xGF: Again, it’s not an inherently bad thing that Dakota Joshua led the Canucks in xGF% – it’s just that he shouldn’t be the one doing so, or if he is, he should be chipping in offensively. The bottom-sixer tallied an 87.41 xGF% to lead Vancouver, recording the best xGA (0.1) on the roster. Ian Cole led the Canucks in raw xGF with a 1.74, with Anthony Beauvillier’s 1.07 putting him in second. It’s great that these two are doing their part to generate offensive pressure and chances – but until they’re able to bury opportunities, it’s not exactly very useful to the Canucks result-wise.
GSAx: A byproduct of the Canucks keeping Colorado to a low xGF is that Thatcher Demko’s numbers look really bad when the Avs capitalize on as many chances as they did last night. When Demko was between the pipes, the Avalanche only generated 1.78 xGF, meaning that the 4 goals against resulted in a -2.22 GSAx. Again, Demko wasn’t poor, but he wasn’t exactly stealing away goals, and that’s why his numbers look rough. All four goals against came at high-danger, and as a whole he only faced 6 high-danger chances. Thus, with the conversion rate and how the Avs didn’t manage to generate a whole lot of xGF otherwise, Demko unfortunately sees a rough GSAx to end the night.

Statistical Musings

Time for a shakeup: I’m a fan of Phil Di Giuseppe’s puck retrieval game, how he’s taken his shot in the Canucks lineup and ran with it to start the year. But, the sell-by date for top-6 PDG has come and gone as the trio of PDG-Miller-Boeser got absolutely toasted against the Avs. Miller finished with the worst 5v5 xGF% on the team (27.16), with Boeser in second-last (30.91) and Di Giuseppe in third-last (32.20). Clearly, teams have cued in onto their play, scouting and matching up against them in ways that have disrupted their rhythms. Miller has kept up a high standard of play, with Boeser falling off a little but still decent for the most part. The thing is that PDG just doesn’t do much outside of puck retrieval, with offence dying on his stick due to lack of finishing ability. It would be worth trying new things out, with players that have slightly better hands than him.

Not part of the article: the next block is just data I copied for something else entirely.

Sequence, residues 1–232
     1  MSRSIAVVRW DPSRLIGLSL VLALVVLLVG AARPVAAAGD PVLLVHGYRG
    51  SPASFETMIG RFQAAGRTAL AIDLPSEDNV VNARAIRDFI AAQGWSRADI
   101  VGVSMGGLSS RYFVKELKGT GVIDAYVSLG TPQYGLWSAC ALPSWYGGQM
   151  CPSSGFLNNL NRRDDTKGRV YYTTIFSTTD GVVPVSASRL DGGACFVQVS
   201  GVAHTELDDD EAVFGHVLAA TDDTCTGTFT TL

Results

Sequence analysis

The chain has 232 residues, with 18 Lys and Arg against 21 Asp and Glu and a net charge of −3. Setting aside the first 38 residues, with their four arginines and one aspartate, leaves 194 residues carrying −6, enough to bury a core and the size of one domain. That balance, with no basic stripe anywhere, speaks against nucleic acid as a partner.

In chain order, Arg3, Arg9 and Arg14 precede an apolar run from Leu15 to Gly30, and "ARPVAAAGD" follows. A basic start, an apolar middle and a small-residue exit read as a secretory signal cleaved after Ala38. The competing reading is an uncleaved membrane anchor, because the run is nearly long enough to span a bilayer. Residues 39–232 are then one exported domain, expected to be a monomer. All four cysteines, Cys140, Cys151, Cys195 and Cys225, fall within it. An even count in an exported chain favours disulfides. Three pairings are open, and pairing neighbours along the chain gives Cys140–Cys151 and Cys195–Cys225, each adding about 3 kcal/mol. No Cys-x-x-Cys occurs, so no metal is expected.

What’s wrong with Petey?: The tides of form seem to have brought Elias Pettersson back down to earth. Sure, his point tallies are still there, but the Swede just hasn’t looked the superstar that he usually is. Last night against the Avs, Pettersson recorded the 6th-worst CF% on the roster at 5v5 (42.31), while giving up the most xGA (1.23) across all situations. And yes, while he featured on penalty kill duties, Pettersson only saw 0.17 xGA accumulate on 4v5 situations. That means that the majority of xGA came at even-strength or 5v4 PP deployment, which is absurd to think about. Pettersson has always been a responsible two-way force, capable of shutting down opposing top lines if put into that role – which is why this is so jarring to see him getting caved in the manner that he is currently. His wingers in Andrei Kuzmenko and Ilya Mikheyev have definitely not helped him, both doing basically nothing to take pressure off Pettersson, but at the end of the day, the pivot is not driving the play.

As a team

CF% – 49.11% HDCF% – 52.17% xGF% – 51.46%
The Canucks battled hard against the Avalanche. The 5-2 scoreline doesn’t reflect what was a pretty back-and-forth game, where Vancouver kept stride with the hosts and managed to bring a tied game into the third. The separating factors could be many, from the intangibles of experience to just individual brilliance. What the stats showed though is that though the depth is doing its part, they cannot be relied upon to generate offence, especially not in the place of the Canucks’ top-end talent. Without the top-6 producing, it’s very difficult to win hockey games, no matter how well the rest of the lineup is clicking.
Vancouver heads into Seattle on Friday to hopefully get some revenge on the Kraken.
Stats provided by naturalstattrick.com